Discover 10 tempting alcoholic drinks worth trying

While most of us enjoy a good drink every now and then, what alcohol we choose may be related to our current state of mind or who we’re hanging out with. If you’re at a bar with friends you might have shots, but if we’re home alone you might prefer a glass of wine. Yet, with all the varieties of booze that are available, we usually stick to those that are familiar to us — maybe because it’s what your parents drank or because it’s a favourite among friends.

Now’s the time to break from the popular traditional alcoholic drinks like tequila shots, whiskeys, Screwdrivers, Rum and Cokes, Black/White Russians, and get curious about what your taste buds are missing. In the following infographic by BeverageLabels.Net, we’re guided through the exploration of 10 obscure alcoholic drinks. For example, did you know that Metaxa was the first alcoholic drink consumed in space? Find out how it and others came to be, how best to consume them and other interesting facts in the infographic below:

Infographic: 10 obscure alcoholic drinks worth tasting

10 obscure alcoholic drinks worth tasting


Believed to be the “elixir of long life”, Chartreuse was discovered by French monks from the Grande Chartreuse monastery in 1605. Today, only two monks in the whole world know the original recipe.

  • Base: Wine + 130 herbs, plants, flowers and secret ingredients.
  • Alchohol Content: 55%
  • Best Consumed: Cold or on the rocks


Umeshu is a traditional Japanese sweet and sour liqueur. In the winter, mix Umeshu with hot water to warm it up.

  • Preparation: Still green and unripe ume fruit soaked in alcohol.
  • Base: Sake, or Shochu and Awamori, or Brandy and White liquor.
  • Alcohol Content: 10-15% depending on the base.
  • Best Consumed: On the rocks


A traditional Sardinian liqueur from myrtle berries, there are two types of Mirto: red (made out of berries) and white (made out of leaves).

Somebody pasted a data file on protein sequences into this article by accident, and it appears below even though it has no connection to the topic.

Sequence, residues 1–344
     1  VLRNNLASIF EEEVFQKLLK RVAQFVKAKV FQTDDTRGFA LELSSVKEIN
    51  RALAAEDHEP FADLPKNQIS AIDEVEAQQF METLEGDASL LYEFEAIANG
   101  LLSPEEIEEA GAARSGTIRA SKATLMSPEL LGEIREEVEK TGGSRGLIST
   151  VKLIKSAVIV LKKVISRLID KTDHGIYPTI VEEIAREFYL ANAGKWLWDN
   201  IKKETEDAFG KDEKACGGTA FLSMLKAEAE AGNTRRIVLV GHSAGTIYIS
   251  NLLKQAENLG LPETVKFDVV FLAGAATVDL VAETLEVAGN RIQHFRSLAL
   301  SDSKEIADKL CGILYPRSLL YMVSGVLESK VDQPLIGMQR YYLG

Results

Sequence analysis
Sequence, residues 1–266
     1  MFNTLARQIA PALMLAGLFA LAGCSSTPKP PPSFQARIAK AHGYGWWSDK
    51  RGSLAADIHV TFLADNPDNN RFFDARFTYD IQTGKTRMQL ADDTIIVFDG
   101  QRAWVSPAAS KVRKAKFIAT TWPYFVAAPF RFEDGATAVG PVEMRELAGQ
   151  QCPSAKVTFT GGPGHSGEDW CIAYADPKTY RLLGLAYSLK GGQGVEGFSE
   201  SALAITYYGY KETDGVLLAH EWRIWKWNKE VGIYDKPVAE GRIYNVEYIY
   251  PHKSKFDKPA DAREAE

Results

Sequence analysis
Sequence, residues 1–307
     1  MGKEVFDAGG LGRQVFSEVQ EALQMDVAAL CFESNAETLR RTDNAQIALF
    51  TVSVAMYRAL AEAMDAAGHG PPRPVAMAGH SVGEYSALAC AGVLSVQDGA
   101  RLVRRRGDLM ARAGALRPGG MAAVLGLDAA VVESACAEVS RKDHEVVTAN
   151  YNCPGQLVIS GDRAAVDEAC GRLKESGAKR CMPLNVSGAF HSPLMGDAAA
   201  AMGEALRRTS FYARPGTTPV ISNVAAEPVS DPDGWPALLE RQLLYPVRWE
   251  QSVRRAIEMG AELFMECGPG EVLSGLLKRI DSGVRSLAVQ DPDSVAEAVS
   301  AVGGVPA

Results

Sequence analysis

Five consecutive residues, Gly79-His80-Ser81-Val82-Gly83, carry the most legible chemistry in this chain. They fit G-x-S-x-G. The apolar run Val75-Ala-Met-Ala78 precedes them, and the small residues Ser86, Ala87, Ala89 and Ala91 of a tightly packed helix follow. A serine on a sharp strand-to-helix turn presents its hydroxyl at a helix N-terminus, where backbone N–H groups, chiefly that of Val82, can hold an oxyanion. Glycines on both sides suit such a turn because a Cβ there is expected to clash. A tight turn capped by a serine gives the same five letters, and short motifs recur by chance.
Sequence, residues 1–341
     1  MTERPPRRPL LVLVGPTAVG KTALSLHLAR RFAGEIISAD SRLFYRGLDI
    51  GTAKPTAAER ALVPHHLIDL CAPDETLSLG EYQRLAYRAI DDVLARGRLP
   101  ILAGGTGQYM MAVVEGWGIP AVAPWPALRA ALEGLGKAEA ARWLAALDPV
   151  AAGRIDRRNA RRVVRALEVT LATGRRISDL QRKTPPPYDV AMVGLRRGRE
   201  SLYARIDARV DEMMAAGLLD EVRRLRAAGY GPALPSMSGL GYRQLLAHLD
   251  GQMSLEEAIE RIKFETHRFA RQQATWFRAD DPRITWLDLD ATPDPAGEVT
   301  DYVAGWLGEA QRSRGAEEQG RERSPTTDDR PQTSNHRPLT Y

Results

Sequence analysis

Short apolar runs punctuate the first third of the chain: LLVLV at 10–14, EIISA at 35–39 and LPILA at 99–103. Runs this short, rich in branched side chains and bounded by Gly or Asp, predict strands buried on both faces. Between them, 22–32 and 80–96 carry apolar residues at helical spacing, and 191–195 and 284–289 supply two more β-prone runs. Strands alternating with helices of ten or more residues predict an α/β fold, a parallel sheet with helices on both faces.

• Preparation: Ripe berries soaked in pure alcohol, after 40 days the juice is squeezed out; sweetened up with sugar or honey syrup.
  • Alcohol Content: 30%
  • Best Consumed: After lunch or dinner as a digestive, or after espresso, served cold in a shot glass.


Vinjak is a brown brandy produced in Serbia. Like French Cognac, Vinjak bottles contain a label that shows how long the drink was aged: VS (very special), VSOP (very special old pale), and XO (extra old).

  • Preparation: Wine distillation, then aged in oak barrels.
  • Alcohol Content: 40%
  • Best Consumed: As an aperitif or as a digestive, at room temperature.


A dairy cream liqueur made from African Marula fruit. Elephant is the symbol of this drink because marula fruit is its favourite treat. Amarula producers support these mammals’ preservation.

  • Preparation: Fermented, distilled twice and left to age for 24 months in oak barrels.
  • Alcohol Content: 17%
  • Best Consumed: On the rocks or in a cocktail.


Metaxa is a Greek grape brandy. There are six varieties each marked with a number of stars that represent years of aging.

  • Preparation: Blended with white wine and flavourings like rose petals and honey, then aged in oak casks for a minimum of 3 years.
  • Alcohol Content: 38-40% depending on the Metaxa age.
  • Best Consumed: As a shot or in cocktails.


Sweet German vodka-based liqueur made from honey. In German, Bärenjäger means “bear hunter”. The bottle resembles a beehive, and the label shows a bear hunter and a trapped bear.

  • Base and Flavours: Vodka-based, it’s available in four different flavours; original honey, honey & bourbon, honey & tea, honey & pear.
  • Alcohol Content: 35%
  • Best Consumed: On the rocks, as a shot or in a cocktail, poured in tea or over vanilla ice cream.


Suze is the most popular aperitif in France. It’s spicy and fruity flavoured. The famous painter Pablo Picasso depicted Suze in his collage titled “Glass and bottle of Suze”.

  • Preparation: Macerated and distilled gentiana root and aromatic plant extracts.
  • Alcohol Content: 15%
  • Best Consumed: As an aperitif or in cocktails.


Disaronno is an Italian liqueur similar to amaretto, made out of apricot kernel oil, burnt sugar, 17 different spices and herbs and alcohol. It contains no nuts, but has the bittersweet taste of almonds. And according to legend, in 1525, a woman who posed as Madonna for an artist thanked him for choosing her by giving him a delicious handmade beverage that is today known as Disaronno.

  • Alcohol Content: 26%
  • Best Consumed: As a shot, on the rocks or in a cocktail.

Black Seal – Gosling’s Rum

This rum, produced in Bermuda, comes in three flavours: butterscotch, vanilla and caramel. Mix Black Seal rum with ginger beer to make Bermuda’s national drink, Dark’n Stormy.

  • Alcohol Content: 40%, 70%, or 75%
  • Best Consumed: Neat on the rocks or in a cocktail

So which of these alcoholic drinks are you looking forward to trying tonight — or what have you already tried some of them? Share your stories below or on social media.



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